Why I Am United Methodist: Holiness and Happiness


(Not sure why you attend a United Methodist church? Want to know more about what the UMC believes and practices? Visit this link for more blog posts in the “Why I am United Methodist” series. This post was originally published on umclead.com. Please visit there for more of my writings and thoughts.)


“Holiness is right,” a saying that anyone who knew my recently deceased grandmother had heard her say countless times. I grew up Bapticostal, a fusion of my mother’s Baptist church and my dad’s holiness one. My paternal grandmother was a holiness minister and though I remember most often the language of holiness from her tradition, my Baptist experience didn’t go light on “living right” either. The real measure of authentic Christian faith was how you lived more than what you believed, that your life spoke more to the unsaved the message of Jesus than any words you might speak. “Be ye holy, for I am holy!” Holiness was the measure of Christian discipleship, because God is holy. I learned that holiness was the Christian’s way to be separate from the world, to strive to be pure and blameless, like God.

Somehow this rich theology didn’t translate for me into practice. I struggled to hear anything beyond what holiness told me not to do. No pants and makeup for women, no going to the movies, no swearing, no drinking, no listening to secular music, no dancing – unless you’re dancing for the Lord! – and especially no premarital sex. This list was always odd to me. As a kid I’d wonder to myself: “God wears skirts?” To be fair, I also learned that practicing holiness meant reading your bible, praying, fasting and going to church. What I was never quite sure of was what motivated holiness. How could the Christian sustain a holy life? I certainly enjoyed the community of church, and one can never complain that black church worship is boring. But I must say that it got pretty old spending the majority of my time with church folks. On top of that I remember regularly feeling guilt, resentment, and fear because I could never seem to pass the holiness test.

I suspect that I was a minority in my experience with holiness. Many of my family members and friends continued in the Bapticostal traditions that raised me. They are men and women of deep faith that I admire. It was my understanding, though, that needed to be worked through. I needed to rethink what it meant to be Christian if I were going to stay signed up. I stumbled for a while in college while wrestling with bouts of depression and doubt. During my searching I developed a passion for leadership, community and social justice. Internally I was still insecure, still feeling like there was nothing I could do to measure up to God’s holy standards. I wasn’t sure how to bring my developing passions and my interior life into sync, but I knew that they needed to be reconciled.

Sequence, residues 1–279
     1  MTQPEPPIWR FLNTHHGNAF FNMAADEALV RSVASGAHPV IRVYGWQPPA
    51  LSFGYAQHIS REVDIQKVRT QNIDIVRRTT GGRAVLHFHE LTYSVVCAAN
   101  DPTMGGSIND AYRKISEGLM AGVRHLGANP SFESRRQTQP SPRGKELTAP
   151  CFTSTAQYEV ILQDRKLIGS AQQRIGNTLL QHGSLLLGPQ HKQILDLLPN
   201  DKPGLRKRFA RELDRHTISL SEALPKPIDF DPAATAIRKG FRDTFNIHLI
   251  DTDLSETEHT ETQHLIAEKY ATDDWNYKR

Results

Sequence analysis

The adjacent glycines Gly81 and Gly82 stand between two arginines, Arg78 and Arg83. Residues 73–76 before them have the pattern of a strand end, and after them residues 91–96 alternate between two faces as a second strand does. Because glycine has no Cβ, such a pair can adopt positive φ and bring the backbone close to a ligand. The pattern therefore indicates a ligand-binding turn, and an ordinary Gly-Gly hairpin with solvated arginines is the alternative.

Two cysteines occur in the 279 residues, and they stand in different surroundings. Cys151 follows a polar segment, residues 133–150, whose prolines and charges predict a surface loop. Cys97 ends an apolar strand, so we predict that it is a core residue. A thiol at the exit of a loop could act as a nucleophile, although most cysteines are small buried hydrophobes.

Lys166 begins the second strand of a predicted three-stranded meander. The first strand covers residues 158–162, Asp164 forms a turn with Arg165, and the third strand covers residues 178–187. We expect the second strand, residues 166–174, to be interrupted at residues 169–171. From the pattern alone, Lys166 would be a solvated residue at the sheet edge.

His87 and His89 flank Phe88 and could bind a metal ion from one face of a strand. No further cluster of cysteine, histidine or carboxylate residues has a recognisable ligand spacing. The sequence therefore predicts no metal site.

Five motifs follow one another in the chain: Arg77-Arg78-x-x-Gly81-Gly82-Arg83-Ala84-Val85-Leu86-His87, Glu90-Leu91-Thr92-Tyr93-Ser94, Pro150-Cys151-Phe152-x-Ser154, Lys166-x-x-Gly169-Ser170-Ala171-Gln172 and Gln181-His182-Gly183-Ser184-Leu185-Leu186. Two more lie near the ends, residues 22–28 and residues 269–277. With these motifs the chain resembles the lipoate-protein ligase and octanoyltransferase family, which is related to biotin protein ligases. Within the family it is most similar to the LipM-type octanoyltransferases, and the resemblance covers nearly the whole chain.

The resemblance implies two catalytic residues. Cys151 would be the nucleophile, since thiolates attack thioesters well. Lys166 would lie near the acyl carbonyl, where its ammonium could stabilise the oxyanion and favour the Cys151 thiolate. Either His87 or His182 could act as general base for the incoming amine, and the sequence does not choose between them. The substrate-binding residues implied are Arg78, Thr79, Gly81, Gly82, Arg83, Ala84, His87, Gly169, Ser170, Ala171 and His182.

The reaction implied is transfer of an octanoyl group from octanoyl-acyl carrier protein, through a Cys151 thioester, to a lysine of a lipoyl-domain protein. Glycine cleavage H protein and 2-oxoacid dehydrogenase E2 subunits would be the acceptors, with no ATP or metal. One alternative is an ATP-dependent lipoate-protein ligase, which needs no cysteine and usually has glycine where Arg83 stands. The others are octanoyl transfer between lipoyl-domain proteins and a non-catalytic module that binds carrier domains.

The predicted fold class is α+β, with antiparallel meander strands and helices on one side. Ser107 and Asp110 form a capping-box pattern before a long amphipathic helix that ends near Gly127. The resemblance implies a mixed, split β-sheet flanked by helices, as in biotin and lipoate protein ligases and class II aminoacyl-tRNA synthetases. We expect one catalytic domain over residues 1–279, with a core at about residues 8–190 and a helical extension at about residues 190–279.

Three significant African American Christian men came into my life that guided my journey of healing and wholeness. They were all Methodist pastors. They welcomed my insecurities and doubts. They affirmed my passions and calling. They spoke the language of holiness, but in a different dialect, with a new register. I didn’t fully understand. But I was curious because their lives were so contagious. They enjoyed praying. They knew Scripture. They loved the church. They stood for justice. They led in their families and communities. They were what I was looking for, what I wanted to embody. To do this, though, I needed to do more than admire their lives. I needed literacy, to learn the language of holiness anew.

What I discovered was John Wesley’s theology of holiness. Wesley’s marriage of personal and social holiness opened for me a harmony between my passions for community and social justice and my interior life. There is no longer a distance between my work for peace and justice in the world and my commitment to prayer and church. Still, what makes Wesley’s understanding of holiness complete for me is its rootedness in grace and concern for happiness: “true religion, or a heart right toward God and man, implies happiness as well as holiness. For it is not only righteousness, but also ‘peace and joy in the Holy Ghost.’” Holiness is the image of God restored in me and others through the grace and love of Jesus. And yet this is only sustained and animated by a joy “that the world can’t give or take away,” as my grandmother used to say. There is no test to pass. There is no reason to fear. Jesus joins me in pursuing holiness.  Wesley’s theology of holiness formed those men’s lives and spoke to me in the midst of some of the darkest and lowest points of my life. My call to ministry has become more firm through its voice.

I am United Methodist because of holiness and happiness. I’ve learned to speak the language of holiness again, but with a United Methodist twist!

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